Sent: Wed, 30 Jun 2021 11:49
Subject: Re: [synchronomeelectricclock] Bounce in gravity arm

And here is a later clock with a folded sheet metal type of latching piece on the gravity arm - and it does also bounce quite a lot.



On 30 Jun 2021, at 10:39, John Hubert via groups.io <jfphubert@...> wrote:

There are several differences visible that may be significant.

On my clock, the ‘peg’ for the latch on the gravity arm is a solid item (looks like a steel peg with a shim soldered on!), whereas yours is a sprung folder arrangement.  Comparing your with another clock I have with your type pf latch, yours looks quite thin material - my other one is 0.6mm thick.  I will try and film it.

My clock has a notably ’snappy’ action - and gives a very short impulse.  I don’t know why, but the gravity arm has had a few variations/modifications in its life (before my time) and may be a bit lighter that it should be.  I should have thought that is marginal, but it is very ’snappy’, even running at a lowish current (from memory, about 280 mA) as it does.  Note that because it runs a Synchronome distribution board, the master movement coils are able to have their current set independently.  

Mine is an early clock without the buffer stop to the left of the vertical part of the gravity arm.  As early clocks do, it has a different profile on the impulse pallet slope.  I don’t see why this should make any difference to ‘bounce’.

I will try and film the later clock.

On 30 Jun 2021, at 10:20, Simon Allen <simon.sallen@...> wrote:

These videos really do help diagnose issues.  You can swipe the video back and forwards.  It is very tricky when you wait 30 seconds for the action to start again and it is all over in a quarter of a second.

Simon

On Wed, 30 Jun 2021 at 10:01, John Hubert <jfphubert@...> wrote:
This is mine (note that mine doesn’t have the ‘advance’ loop fitted)




On 29 Jun 2021, at 18:53, bailey.services via groups.io <bailey.services@...> wrote:

How much bounce should you expect in the gravity arm, I am occasionally seeing a double impulse where it fails to latch. Reducing the current to slow things down gives unreliable advance of the pilot dial.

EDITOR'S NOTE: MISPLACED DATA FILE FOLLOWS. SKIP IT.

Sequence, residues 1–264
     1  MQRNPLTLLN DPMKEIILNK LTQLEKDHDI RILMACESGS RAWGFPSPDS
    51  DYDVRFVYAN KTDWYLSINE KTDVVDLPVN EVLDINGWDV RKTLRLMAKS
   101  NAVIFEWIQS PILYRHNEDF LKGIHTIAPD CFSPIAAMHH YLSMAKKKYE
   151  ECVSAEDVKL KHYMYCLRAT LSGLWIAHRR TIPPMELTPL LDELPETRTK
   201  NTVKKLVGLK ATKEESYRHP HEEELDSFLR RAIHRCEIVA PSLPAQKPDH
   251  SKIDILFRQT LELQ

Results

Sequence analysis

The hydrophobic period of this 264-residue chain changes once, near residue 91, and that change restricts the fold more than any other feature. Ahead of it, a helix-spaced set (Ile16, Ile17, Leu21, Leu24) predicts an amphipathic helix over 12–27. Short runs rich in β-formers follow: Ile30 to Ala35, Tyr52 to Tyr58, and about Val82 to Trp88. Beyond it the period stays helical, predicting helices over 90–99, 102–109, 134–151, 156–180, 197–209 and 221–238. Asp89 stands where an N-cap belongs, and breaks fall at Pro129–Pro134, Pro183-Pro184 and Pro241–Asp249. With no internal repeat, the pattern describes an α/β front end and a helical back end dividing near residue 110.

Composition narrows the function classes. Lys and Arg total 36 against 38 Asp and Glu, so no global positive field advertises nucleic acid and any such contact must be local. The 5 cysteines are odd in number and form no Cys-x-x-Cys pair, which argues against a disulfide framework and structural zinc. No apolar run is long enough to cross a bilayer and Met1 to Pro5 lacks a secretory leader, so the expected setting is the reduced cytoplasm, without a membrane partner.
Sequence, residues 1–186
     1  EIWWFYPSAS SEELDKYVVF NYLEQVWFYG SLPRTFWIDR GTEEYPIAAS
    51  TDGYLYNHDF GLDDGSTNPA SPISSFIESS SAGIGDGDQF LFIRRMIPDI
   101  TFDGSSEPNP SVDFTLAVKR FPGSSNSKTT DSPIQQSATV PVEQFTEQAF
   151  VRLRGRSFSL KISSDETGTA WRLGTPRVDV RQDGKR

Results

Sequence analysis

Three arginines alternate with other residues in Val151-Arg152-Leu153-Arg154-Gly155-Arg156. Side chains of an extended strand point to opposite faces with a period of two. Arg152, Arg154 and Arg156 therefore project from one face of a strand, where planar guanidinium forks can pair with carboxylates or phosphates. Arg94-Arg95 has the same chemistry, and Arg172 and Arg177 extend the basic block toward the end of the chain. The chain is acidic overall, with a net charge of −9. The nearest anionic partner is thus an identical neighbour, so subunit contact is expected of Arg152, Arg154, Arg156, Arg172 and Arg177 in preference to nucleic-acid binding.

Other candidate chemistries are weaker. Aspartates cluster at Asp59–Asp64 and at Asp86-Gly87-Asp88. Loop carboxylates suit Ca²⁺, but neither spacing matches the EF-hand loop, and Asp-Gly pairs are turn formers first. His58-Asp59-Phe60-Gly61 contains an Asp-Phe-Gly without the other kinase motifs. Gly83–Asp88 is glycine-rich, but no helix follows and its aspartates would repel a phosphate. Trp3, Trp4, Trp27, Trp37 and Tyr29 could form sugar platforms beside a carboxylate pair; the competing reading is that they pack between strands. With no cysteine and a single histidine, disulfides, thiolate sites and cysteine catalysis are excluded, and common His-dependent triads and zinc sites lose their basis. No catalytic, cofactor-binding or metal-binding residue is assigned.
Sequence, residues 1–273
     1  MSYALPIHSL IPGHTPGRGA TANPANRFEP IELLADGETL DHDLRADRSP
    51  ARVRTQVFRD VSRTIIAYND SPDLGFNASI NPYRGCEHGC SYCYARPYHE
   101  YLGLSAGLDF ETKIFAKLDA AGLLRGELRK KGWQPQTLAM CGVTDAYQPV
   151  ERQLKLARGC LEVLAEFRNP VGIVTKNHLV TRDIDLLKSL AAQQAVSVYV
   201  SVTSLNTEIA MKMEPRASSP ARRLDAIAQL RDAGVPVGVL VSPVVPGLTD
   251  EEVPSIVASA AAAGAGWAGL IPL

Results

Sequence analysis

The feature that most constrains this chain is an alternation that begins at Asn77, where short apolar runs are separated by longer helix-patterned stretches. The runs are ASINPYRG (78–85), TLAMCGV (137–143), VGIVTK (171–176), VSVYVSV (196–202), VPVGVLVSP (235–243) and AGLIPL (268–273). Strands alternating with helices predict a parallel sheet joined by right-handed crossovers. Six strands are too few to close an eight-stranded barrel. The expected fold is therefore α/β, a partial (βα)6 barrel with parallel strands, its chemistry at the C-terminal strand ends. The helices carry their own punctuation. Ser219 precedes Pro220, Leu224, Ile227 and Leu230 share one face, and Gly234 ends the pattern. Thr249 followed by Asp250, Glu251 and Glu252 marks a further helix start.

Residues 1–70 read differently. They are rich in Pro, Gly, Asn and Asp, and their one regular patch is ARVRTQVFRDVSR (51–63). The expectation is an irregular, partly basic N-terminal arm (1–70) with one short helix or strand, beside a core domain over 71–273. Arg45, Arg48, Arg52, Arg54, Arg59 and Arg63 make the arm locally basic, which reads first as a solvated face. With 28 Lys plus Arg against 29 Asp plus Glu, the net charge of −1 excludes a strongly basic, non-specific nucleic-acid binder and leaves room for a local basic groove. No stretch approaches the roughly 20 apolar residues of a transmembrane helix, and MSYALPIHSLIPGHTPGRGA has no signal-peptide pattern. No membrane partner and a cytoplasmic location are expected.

The latch and leather wing had been crushed together and gripped the catch on the gravity arm, I have straightened these but think the leather wing looks a bit high, bending it down so it meets the rising catch sooner and at a more acute angle would presumably slow the motion.

The leather is replaced wasn’t sure how thick it should be.

Any thoughts?
Howard <IMG_0075.MOV>





-- 
Simon



Re: Bounce in gravity arm

John Hubert
 

And here is a later clock with a folded sheet metal type of latching piece on the gravity arm - and it does also bounce quite a lot.



On 30 Jun 2021, at 10:39, John Hubert via groups.io <jfphubert@...> wrote:

There are several differences visible that may be significant.

On my clock, the ‘peg’ for the latch on the gravity arm is a solid item (looks like a steel peg with a shim soldered on!), whereas yours is a sprung folder arrangement.  Comparing your with another clock I have with your type pf latch, yours looks quite thin material - my other one is 0.6mm thick.  I will try and film it.

My clock has a notably ’snappy’ action - and gives a very short impulse.  I don’t know why, but the gravity arm has had a few variations/modifications in its life (before my time) and may be a bit lighter that it should be.  I should have thought that is marginal, but it is very ’snappy’, even running at a lowish current (from memory, about 280 mA) as it does.  Note that because it runs a Synchronome distribution board, the master movement coils are able to have their current set independently.  

Mine is an early clock without the buffer stop to the left of the vertical part of the gravity arm.  As early clocks do, it has a different profile on the impulse pallet slope.  I don’t see why this should make any difference to ‘bounce’.

I will try and film the later clock.

On 30 Jun 2021, at 10:20, Simon Allen <simon.sallen@...> wrote:

These videos really do help diagnose issues.  You can swipe the video back and forwards.  It is very tricky when you wait 30 seconds for the action to start again and it is all over in a quarter of a second.

Simon

On Wed, 30 Jun 2021 at 10:01, John Hubert <jfphubert@...> wrote:
This is mine (note that mine doesn’t have the ‘advance’ loop fitted)




On 29 Jun 2021, at 18:53, bailey.services via groups.io <bailey.services@...> wrote: